An RGA aneurysm rupture should be considered a differential diagnosis in patients presenting with hemoperitoneum with a slow or biphasic clinical course.
Gastric artery aneurysm caused by segmental arterial mediolysis (SAM) is extremely rare. Rarer still, is the rupture of this type of aneurysm, with only one other reported case to date . SAM is a nonatherosclerotic, and noninflammatory disease of the arterial media that often involves multiple vessels . In such cases, the clinical course following a rupture may vary depending on the involved vessels . For example, the rupture of a splenic artery aneurysm exhibits a biphasic and relatively slow clinical course described as the “double-rupture phenomenon” . This phenomenon is attributable to the initial rupture of the splenic artery aneurysm into the omental bursa, which forms a hematoma that has a tamponade effect on bleeding. A second rupture into the peritoneal cavity might be attributable to a variation in intra-abdominal pressure 6–96 h later [4, 5]. Previous reports have estimated an incidence of the double-rupture phenomenon ranging from 12 to 21% among patients with rupture of the splenic artery aneurysm [4, 6].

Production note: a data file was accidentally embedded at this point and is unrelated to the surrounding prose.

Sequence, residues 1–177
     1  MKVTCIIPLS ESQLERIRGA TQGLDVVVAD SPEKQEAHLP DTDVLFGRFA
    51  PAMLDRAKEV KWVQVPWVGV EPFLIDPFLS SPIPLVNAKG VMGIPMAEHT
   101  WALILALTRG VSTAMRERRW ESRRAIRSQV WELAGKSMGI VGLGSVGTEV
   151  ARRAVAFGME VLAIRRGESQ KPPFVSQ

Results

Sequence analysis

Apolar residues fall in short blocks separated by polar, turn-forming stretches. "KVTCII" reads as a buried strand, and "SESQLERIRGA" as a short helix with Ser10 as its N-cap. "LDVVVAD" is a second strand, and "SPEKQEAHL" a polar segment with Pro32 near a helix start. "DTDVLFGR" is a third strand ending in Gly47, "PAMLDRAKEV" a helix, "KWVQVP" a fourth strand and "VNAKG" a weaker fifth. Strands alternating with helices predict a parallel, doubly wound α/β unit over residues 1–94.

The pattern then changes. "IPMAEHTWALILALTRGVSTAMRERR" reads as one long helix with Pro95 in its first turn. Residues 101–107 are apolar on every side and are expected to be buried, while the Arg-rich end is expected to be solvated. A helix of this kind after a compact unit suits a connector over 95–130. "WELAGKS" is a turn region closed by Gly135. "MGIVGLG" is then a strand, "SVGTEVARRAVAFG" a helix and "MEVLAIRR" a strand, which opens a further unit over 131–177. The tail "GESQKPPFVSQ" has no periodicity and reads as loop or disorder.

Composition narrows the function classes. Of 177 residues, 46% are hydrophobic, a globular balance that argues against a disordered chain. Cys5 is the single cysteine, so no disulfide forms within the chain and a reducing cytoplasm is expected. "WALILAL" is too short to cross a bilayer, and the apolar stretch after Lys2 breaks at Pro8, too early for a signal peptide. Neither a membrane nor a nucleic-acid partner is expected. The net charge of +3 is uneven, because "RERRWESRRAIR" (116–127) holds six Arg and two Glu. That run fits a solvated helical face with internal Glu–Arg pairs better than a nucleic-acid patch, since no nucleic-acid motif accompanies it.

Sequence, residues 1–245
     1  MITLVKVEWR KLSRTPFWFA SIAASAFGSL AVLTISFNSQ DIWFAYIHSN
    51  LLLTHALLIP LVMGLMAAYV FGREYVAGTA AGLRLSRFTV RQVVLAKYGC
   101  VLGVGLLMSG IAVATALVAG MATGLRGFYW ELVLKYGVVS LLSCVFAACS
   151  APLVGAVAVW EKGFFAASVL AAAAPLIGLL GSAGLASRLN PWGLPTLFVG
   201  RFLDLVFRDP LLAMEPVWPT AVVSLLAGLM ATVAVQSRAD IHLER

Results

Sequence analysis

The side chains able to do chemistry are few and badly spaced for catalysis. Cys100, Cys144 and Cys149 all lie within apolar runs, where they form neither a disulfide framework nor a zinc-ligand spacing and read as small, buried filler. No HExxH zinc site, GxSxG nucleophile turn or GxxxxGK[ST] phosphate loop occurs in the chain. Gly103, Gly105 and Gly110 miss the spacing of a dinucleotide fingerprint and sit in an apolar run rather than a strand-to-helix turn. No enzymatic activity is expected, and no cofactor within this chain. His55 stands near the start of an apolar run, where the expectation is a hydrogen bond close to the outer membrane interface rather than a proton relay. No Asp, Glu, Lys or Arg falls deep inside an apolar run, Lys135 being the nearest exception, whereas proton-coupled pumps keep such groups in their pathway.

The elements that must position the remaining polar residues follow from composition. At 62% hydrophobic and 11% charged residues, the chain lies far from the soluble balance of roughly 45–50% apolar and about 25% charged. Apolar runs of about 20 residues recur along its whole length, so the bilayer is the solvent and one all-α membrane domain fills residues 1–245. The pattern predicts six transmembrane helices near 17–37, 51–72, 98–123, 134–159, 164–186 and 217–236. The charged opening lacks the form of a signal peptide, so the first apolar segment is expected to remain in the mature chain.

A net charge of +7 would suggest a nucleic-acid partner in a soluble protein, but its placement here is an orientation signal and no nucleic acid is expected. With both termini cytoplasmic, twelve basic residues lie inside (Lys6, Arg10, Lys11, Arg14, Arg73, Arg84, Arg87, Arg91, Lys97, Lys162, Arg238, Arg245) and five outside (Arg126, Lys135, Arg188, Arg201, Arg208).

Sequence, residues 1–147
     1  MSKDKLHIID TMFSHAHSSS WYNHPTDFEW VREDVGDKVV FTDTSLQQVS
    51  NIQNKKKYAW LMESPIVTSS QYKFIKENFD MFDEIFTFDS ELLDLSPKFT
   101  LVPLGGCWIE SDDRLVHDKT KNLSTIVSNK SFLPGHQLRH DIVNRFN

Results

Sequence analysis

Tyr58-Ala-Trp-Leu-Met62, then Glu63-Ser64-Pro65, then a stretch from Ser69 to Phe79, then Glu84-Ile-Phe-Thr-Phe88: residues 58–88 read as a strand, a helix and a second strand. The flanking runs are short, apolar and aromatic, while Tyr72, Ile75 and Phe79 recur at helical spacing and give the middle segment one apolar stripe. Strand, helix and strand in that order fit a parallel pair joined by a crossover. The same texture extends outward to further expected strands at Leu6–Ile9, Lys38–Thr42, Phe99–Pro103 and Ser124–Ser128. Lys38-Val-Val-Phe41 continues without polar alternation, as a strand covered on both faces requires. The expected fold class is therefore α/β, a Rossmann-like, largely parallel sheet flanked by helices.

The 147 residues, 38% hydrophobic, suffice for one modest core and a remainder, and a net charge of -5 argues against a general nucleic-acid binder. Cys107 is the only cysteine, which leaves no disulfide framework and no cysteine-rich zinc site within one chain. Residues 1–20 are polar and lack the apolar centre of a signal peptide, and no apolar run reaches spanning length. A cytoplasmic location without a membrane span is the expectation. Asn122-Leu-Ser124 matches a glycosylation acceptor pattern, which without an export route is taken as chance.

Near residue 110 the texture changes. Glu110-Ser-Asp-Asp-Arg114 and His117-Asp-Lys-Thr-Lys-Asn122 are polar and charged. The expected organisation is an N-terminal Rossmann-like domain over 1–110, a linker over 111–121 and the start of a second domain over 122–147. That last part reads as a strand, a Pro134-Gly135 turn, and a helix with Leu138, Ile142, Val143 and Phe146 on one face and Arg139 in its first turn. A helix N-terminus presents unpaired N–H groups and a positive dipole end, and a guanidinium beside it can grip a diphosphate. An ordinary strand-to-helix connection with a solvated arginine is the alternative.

Even in cases of rupture of gastric artery aneurysm, the double-rupture phenomenon was only reported in two cases so far [7, 8]. However, the rupture was not caused by SAM in either case. Herein, we report a case of right gastric artery (RGA) aneurysm rupture caused by SAM that presented with a biphasic clinical course, possibly due to the double-rupture phenomenon.